A lot of ups and downs this week in the retail markets.
Borders, after ongoing struggles to pay its publishers, is meeting with them this week to try to convince them to convert their deferred payments to interest bearing loans. Stock price is down to 84 cents, capping a 34% decline over the last 12 months.
Britain’s HMV Group is closing 60 stores following lower-than-expected holiday sales–20 of their 312 Waterstone’s (bookstore) outlets and 40 of their 285 HMV record stores.
Meanwhile, Half Price Books, which has continued to be profitable even through a recession and a tripling in digital book sales, will be putting its inventory online, following the likes of Amazon who’ve been doing that for years.
And speaking of digital books, millions of unwrapped iPads, Kindles, and Nooks led to a huge surge in digital book sales this week, with the digital versions outselling print for the top 6 books on the USA Today bestseller list, and 19 of the top 50. One analyst estimates that 2011 marketshare for digital books will double that of 2010.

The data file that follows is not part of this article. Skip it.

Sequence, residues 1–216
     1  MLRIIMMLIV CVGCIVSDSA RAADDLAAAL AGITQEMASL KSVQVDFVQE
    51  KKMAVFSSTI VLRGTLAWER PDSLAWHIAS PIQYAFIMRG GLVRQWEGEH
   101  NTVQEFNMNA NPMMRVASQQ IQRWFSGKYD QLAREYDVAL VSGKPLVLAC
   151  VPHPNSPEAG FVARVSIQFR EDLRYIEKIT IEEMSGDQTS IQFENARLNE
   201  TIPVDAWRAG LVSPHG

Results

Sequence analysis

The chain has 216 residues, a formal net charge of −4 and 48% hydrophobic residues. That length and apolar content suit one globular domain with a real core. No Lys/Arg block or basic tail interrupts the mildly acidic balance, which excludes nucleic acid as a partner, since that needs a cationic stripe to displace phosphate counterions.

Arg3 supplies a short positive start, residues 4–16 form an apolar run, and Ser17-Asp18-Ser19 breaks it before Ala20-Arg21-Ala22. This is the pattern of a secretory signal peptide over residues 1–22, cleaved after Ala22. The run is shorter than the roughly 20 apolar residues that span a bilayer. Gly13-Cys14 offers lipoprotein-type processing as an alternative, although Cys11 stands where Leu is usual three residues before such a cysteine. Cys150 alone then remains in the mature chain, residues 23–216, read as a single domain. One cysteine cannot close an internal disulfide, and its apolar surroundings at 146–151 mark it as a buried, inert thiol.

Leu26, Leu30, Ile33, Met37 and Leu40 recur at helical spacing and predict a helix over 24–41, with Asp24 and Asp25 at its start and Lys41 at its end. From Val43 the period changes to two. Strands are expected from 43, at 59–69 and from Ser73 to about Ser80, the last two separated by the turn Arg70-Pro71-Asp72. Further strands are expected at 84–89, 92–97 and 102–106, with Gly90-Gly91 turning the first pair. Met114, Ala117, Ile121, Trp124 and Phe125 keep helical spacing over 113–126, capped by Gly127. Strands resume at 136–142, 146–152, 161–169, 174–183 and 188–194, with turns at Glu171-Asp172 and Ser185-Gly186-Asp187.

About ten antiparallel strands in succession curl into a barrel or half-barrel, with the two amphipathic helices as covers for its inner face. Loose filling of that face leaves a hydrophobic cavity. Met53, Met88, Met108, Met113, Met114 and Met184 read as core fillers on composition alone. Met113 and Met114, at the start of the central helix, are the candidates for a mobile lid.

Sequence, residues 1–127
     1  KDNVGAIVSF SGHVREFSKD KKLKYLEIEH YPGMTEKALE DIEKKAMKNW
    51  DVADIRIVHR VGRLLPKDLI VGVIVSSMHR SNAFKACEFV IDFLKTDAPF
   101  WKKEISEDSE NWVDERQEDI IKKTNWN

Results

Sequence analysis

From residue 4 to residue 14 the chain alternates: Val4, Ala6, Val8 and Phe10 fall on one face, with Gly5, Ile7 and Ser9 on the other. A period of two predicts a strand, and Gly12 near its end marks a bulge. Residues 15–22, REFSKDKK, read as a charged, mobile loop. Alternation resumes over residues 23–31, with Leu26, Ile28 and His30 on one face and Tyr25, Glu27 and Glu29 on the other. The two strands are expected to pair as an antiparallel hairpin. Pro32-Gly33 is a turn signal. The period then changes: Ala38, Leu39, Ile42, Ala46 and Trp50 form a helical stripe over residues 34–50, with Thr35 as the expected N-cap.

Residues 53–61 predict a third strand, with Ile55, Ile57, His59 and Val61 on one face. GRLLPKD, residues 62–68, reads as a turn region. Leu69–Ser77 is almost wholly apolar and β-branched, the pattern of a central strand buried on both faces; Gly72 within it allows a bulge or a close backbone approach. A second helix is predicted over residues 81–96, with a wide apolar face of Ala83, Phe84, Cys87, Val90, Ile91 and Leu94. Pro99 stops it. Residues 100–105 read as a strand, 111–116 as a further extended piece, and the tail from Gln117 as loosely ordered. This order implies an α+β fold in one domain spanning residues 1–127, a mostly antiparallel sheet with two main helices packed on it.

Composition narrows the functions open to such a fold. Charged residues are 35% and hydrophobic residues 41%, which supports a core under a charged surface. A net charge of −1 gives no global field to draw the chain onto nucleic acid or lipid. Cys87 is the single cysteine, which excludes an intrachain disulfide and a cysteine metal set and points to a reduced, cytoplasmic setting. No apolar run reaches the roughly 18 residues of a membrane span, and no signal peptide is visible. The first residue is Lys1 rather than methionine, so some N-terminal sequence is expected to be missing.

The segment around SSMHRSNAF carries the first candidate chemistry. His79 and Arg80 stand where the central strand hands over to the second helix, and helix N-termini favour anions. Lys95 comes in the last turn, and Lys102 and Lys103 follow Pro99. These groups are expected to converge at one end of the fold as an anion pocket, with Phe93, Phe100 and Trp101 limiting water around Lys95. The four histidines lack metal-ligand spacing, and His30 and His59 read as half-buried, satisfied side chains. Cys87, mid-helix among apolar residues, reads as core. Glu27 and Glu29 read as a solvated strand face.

I don’t think any of this will be much of a surprise to anyone. A friend recently told me that she knew the digital book market was going to take off when her parents — who are in their 70s — each got Kindles and absolutely loved them. Online and resale booksellers will continue to do well, as will indie stores that have survived the box store revolution by building their businesses around community. Digital book sales will continue to rise, while the Borders and B&Ns of the world will no doubt end up closing the doors of many, if not all of their stores as they try to figure out how to do business in this changing landscape.